This special issue takes steps towards examining how workers, tasks, structures, and technologies have changed within manufacturing setting within the last years. We invite participants from a diversity of disciplines and perspectives to contribute with insights about cooperation on the shopfloor and the role of technology within these settings. We aim to deepen our understanding of actual work practices and relations in contexts such as manufacturing, knowledge-intense production processes and related practices such as engineering or work preparation.
Possible topics include (but are not limited to):
- Skills, qualifications and competences of human workers. What are the novel digitalization skills that workers need to in order to shape their work processes? How to ensure that ‘operator 4.0’ employees’ experiences do become not worse, but better than before?
- Tools, processes, services and architectures for supporting the cooperation on the shopfloor: What are the tools, services and architectural infrastructures for supporting the actual work and conflicts in manufacturing settings? What are the characteristics of tools that support articulation work and coordination processes during work practices?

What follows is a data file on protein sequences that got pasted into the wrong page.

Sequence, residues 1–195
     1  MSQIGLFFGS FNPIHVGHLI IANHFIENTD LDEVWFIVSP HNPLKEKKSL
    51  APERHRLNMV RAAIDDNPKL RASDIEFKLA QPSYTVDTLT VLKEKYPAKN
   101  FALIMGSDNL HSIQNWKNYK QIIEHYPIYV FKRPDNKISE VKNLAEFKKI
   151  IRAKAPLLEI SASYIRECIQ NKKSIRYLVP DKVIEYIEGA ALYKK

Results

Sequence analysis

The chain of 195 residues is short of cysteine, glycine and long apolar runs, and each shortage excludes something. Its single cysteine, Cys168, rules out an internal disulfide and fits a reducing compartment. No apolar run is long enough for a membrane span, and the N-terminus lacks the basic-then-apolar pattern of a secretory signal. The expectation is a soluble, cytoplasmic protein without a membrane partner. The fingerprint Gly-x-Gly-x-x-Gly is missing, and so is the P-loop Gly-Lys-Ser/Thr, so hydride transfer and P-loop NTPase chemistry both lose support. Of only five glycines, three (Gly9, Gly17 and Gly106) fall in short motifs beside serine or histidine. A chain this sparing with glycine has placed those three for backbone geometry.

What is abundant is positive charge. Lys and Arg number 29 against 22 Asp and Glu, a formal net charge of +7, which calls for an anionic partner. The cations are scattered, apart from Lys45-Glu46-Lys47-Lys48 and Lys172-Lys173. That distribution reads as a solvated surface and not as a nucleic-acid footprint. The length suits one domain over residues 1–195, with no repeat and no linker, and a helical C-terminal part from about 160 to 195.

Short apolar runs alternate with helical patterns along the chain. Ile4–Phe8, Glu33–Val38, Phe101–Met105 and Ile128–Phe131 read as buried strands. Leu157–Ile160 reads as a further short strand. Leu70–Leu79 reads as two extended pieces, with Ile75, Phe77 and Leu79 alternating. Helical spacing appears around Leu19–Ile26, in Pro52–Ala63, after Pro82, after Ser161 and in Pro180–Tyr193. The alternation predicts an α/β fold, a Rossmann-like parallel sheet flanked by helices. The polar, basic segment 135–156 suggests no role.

- Social and organizational factors influencing cooperation issues: Work within industry settings heavily relies on social and organizational structures. What are the social and organizational aspects that foster cooperation in industry? How is labor distributed? How could social and organizational aspects shape the cooperation on the shopfloor? How do workers interact with and collaborate with semi-autonomous systems?
- On the one hand, emerging technology is intended to simplify work, but on the other hand, there are a multitude of knowledge-intensive work processes which can be traced back to rising productivity requirements and increasing product complexity. Therefore, the question of an adequate support of knowledge-intensive work and the technical design of this support arises: What are suitable tools to manage knowledge and share expertise? How can the experience of experts be processed and which tools can be used?
- Methodological challenges and innovative methodologies: Design- and technology-oriented research and its prototypes are often developed with the employees for the actual workflows of the shop floor. However, the evaluation of the prototypes is difficult, as machines and thus capital are lost in case of errors. How can the claim between participatory design with iterative steps and the expectation of a finished product be met?